Let me open this gambit with the shortest explanations I can conjure up!
Retention - a measure of users coming back
E.g. User logins everyday and checks instagram → Thats high retention
Churn - a measure of users never coming back. You lost them.
E.g. User joined, looked around a few days, left and never came back. (clubhouse anyone? BURNN lol)
Conversion - A user taking a specific action which is more ‘commitment’ than their current state.
Sometimes used interchangeably with ‘acquisition’.
E.g. a user joined a free trial of Crunchbase for 7 days, loved it and paid for the service. They converted. (They weren't so cheap and sneaky to make multiple email addresses and keep getting the free version over and over… cough cough)
Engagement - a measure of how deeply a user uses your product or service.
E.g. a User A spends 1 hour on Notion, using only the document editor. User B uses Notion for 6 hours, using many /all of its features. User B is more engaged than User A.
That's it! You can stop reading here if you want.
In other blogs I will go into details about each of these concepts. The purpose of this blog is to merely touch on the interconnectedness of the topics, which I think is critical to get to grips with first before going into massive detail, if you are going to build a scalable tech startup.
Clients that quit or fail to renew their subscriptions within a particular time period are said to be churned. Churn as a concept can be broken down into two broad types;
User retention is the inverse of Churn. (depending on which example formula/method you use to calculate your retention or churn). For more on User Retention see my blog here. For more on Churn, see here.
Optimising for conversions is written in bold on your job description if you are a marketer. After all, the primary aim of marketing is to convince your consumers to do the necessary action on your website/saas/product. The quicker you can drive conversions, the less time, money, and effort you'll need to spend to reach your objective.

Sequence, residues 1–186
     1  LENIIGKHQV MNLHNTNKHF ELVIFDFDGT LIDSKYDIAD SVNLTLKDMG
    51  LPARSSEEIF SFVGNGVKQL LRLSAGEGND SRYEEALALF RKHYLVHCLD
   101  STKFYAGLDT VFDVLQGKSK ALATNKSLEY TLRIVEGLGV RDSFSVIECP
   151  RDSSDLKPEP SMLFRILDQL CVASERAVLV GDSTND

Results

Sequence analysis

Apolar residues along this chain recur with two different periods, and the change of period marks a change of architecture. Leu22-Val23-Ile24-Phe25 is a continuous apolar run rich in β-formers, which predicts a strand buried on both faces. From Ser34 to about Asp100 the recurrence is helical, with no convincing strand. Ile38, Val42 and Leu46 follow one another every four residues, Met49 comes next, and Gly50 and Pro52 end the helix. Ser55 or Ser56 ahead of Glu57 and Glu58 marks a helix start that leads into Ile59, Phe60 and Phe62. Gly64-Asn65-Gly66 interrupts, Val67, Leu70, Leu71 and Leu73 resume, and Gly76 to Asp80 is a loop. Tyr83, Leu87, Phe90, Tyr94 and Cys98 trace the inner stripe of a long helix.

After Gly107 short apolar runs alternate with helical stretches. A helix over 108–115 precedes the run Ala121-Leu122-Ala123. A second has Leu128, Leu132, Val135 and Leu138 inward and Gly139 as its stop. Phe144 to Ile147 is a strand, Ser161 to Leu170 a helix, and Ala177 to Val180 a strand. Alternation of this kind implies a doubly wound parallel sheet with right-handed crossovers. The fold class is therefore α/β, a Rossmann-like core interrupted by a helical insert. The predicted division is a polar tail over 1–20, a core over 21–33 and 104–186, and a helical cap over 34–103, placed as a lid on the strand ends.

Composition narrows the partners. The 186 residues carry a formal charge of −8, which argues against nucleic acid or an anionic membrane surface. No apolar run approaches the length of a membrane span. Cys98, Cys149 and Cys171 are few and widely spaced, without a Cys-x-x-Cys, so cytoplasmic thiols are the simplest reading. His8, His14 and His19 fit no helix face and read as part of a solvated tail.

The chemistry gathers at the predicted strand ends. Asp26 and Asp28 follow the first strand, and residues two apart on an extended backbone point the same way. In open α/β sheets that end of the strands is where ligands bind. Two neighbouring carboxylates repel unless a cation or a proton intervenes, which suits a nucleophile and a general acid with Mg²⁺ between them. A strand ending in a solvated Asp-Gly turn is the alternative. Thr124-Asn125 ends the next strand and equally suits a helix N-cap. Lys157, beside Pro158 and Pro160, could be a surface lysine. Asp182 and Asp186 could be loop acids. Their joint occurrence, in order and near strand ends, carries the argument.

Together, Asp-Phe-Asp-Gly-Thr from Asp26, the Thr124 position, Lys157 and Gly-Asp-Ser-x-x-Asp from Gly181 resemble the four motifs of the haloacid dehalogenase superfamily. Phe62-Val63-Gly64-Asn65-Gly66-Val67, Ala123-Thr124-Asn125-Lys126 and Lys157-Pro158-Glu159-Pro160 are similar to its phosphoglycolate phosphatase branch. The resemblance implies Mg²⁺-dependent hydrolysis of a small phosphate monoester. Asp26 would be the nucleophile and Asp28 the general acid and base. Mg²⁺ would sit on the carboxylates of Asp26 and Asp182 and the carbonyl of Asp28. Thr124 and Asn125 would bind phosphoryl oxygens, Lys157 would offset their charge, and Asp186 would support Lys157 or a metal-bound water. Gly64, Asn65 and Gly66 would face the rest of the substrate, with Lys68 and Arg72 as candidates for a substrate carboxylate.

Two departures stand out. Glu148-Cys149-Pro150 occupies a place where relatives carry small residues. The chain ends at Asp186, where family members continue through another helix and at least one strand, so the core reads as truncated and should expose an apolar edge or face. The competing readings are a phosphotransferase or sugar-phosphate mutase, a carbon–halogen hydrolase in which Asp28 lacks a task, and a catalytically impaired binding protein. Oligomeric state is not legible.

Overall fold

Optimising for conversions will increase the revenue per visitor, and ultimately achieve higher growth. Purchases, visits, and increased sign-up interest in your webinars are all positive things signals for conversion.
However, given the huge cost of acquisitions of new customers, every business book since the 1700s (probably!!!) advocates the concept of repeat business. This is because it's easier (cheaper) to re-sell to someone you already know than brand new customers. In sales speak, they already ‘know, like and trust you’. The marginal cost of getting repeat business from existing customers is lower than for new customers.
Furthermore, the 80/20 concept, often known as the Pareto principle, often presents itself in profit models i.e. 80 percent of your profits originate from 20 percent of your customers. Thus, your main focus should be on the 20% of customers you wish to retain. These are your most important customers, and they will have a major impact on your company. Allowing oneself to get sidetracked will result in you leaving money on the table.
Conversions are fantastic but repeat conversions, or keeping them coming back on a regular basis is even better! Therefore when segmenting your customers, think about which one of them will be more likely to be repeat customers. Here is where optimising for Customer retention comes into play. Yes, you want more conversions, but ideally you want more conversions from the type of clients that are likely to give you repeat business i.e have higher Life time values (LTVs)
So that's optimising for customer retention versus optimising for conversion.
Little bit of history, which I am going to badly butcher, but here is my take anyway!!